Antimicrobial resistance (AMR) represents a threat to public health and to the development of nations, which is why all sectors of government and society are required to carry out antibiotic control measures, experts agreed. national and international by participating in the virtual forum: “Action against antimicrobial resistance in times of pandemic.”
At the meeting, organized by the General Health Council (CSG), as part of the activities of the World Antimicrobial Use Awareness Week, which are held from November 18 to 24, the secretary of the CSG, José Ignacio Santos Preciado, highlighted that, in 2018, our country established the National Strategy for Action against Antimicrobial Resistance.
In this regard, the technical deputy director of the CSG Committee and the Executive Board, Irma Aguilar Delfín, explained that among the attributions of this body is the classification of antibiotics in the National Compendium of Health Supplies (CNIS) that fulfills the commitment action plan established by the World Health Organization (WHO) on this matter.
He explained that with the use of the AwARe-CNIS tool it will be possible to have antimicrobial consumption data in public health institutions and described the success story of the General Directorate of Naval Health of the Secretary of the Navy, which has maintained the use of antibiotics in the “Access” category at the levels recommended by the WHO as targets for 2023.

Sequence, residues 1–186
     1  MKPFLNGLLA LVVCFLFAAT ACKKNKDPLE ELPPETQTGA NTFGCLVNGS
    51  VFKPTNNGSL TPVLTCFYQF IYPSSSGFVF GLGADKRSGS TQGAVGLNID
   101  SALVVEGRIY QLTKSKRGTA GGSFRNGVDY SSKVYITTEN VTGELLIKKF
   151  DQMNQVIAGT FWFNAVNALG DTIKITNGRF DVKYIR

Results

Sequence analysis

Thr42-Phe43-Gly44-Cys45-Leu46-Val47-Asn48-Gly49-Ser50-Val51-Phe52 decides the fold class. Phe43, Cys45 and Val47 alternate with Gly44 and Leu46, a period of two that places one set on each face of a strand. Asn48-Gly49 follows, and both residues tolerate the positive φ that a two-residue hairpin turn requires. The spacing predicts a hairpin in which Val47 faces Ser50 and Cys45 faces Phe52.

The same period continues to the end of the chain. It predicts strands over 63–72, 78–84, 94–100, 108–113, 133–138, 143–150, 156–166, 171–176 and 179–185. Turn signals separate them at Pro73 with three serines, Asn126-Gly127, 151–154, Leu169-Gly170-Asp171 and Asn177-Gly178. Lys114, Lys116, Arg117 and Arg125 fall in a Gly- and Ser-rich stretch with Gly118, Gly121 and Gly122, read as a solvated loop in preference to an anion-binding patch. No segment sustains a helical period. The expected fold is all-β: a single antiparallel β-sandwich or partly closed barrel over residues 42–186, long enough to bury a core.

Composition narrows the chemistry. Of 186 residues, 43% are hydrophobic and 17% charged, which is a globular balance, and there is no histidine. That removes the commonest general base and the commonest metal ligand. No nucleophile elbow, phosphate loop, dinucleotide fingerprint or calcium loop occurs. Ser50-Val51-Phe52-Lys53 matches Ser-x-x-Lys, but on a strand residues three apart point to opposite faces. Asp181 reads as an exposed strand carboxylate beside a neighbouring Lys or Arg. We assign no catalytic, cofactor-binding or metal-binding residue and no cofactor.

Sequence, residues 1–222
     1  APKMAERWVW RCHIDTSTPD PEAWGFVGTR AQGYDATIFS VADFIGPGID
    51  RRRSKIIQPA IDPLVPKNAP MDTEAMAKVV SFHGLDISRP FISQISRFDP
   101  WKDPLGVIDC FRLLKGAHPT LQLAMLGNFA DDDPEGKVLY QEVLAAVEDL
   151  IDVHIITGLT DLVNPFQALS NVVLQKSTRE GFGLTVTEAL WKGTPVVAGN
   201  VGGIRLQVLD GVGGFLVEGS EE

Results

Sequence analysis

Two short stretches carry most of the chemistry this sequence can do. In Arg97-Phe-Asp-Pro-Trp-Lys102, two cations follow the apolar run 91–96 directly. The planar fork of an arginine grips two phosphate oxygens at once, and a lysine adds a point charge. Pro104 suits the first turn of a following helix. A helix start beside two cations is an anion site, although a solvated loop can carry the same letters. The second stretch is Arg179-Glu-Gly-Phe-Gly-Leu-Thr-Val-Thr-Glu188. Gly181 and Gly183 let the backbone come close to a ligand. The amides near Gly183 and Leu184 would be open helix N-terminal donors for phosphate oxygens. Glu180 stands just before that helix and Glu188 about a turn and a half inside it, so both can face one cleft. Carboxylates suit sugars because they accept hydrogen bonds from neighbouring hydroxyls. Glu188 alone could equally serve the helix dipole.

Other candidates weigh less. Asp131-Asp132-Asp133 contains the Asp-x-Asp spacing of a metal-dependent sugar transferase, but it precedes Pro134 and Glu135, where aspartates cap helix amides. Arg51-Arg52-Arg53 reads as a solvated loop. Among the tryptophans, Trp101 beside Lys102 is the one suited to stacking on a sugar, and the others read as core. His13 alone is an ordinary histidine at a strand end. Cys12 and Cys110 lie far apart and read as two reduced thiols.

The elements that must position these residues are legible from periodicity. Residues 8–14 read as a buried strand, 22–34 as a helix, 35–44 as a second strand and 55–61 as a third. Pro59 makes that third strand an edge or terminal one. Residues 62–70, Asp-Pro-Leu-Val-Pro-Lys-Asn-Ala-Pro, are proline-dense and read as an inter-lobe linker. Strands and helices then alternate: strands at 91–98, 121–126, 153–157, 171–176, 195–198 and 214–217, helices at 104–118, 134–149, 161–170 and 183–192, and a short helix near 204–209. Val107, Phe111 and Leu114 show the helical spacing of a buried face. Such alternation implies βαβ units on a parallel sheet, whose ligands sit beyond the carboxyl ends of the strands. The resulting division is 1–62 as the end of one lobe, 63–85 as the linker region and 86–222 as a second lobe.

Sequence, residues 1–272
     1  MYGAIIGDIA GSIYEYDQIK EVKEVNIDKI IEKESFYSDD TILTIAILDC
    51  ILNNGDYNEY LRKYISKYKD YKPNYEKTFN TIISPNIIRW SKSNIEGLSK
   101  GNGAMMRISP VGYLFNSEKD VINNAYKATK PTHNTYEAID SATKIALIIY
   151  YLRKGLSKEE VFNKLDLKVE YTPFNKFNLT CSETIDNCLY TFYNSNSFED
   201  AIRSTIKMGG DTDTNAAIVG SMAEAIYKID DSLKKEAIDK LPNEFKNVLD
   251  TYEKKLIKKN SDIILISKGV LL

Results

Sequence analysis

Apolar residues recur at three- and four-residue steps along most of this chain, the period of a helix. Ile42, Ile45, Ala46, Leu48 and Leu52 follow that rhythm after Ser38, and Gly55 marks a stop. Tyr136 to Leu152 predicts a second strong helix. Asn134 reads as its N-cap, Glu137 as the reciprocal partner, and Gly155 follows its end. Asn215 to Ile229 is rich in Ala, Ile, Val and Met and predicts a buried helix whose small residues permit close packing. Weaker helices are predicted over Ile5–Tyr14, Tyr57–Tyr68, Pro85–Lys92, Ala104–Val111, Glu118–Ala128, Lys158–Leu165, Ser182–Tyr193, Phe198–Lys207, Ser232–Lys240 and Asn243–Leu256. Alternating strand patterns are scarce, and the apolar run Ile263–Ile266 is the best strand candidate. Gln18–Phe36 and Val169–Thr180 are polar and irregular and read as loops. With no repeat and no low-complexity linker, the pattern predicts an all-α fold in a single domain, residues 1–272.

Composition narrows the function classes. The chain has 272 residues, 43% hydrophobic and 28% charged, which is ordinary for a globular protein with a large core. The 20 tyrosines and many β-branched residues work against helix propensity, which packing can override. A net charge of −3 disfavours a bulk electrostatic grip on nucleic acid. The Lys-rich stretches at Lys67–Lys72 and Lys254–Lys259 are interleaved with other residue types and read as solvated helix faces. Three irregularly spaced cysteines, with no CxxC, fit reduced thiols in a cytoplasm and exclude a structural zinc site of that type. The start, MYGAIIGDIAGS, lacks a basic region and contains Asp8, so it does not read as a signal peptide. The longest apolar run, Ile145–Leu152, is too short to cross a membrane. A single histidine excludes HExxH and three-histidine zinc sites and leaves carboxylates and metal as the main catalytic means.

The director of the Center for Research on Infectious Diseases of the National Institute of Public Health (INSP), Celia Alpuche Aranda, said that, to help mitigate the antimicrobial resistance it is necessary to have microbiological information and information on the use of these drugs in the community setting and in human and animal health care. Action and control programs should also be established based on available scientific evidence.
Mexicans seek information on some antibiotics
The INSP researcher, Federico Zumaya Estrada, said that in our country the indiscriminate use of antibiotics increased in Mexico during the COVID-19 pandemic, which may impact on the increase in bacterial resistance.
In this regard, Zumaya Estrada indicated that people searched the internet for information on five antibiotics: azithromycin, clarithromycin, moxifloxacin, ceftriaxone and levofloxacin. Consultations increased or decreased at the same time as COVID-19 cases in Mexico.
In turn, the head of the University Commission for the Emergency Care for Coronavirus and coordinator of the University Health Research Program of the National Autonomous University of Mexico, (UNAM), Samuel Ponce de León Rosales, said that in the world resistance is growing to antibiotics, third-generation cephalosporins and essential drugs to treat pneumonia and nosocomial diseases, which are the last option for treatment. Currently, half of the cases no longer respond to these drugs.
He pointed out that resistance to antibiotics will increase mortality, treatment costs and medical interventions will be more expensive and less accessible.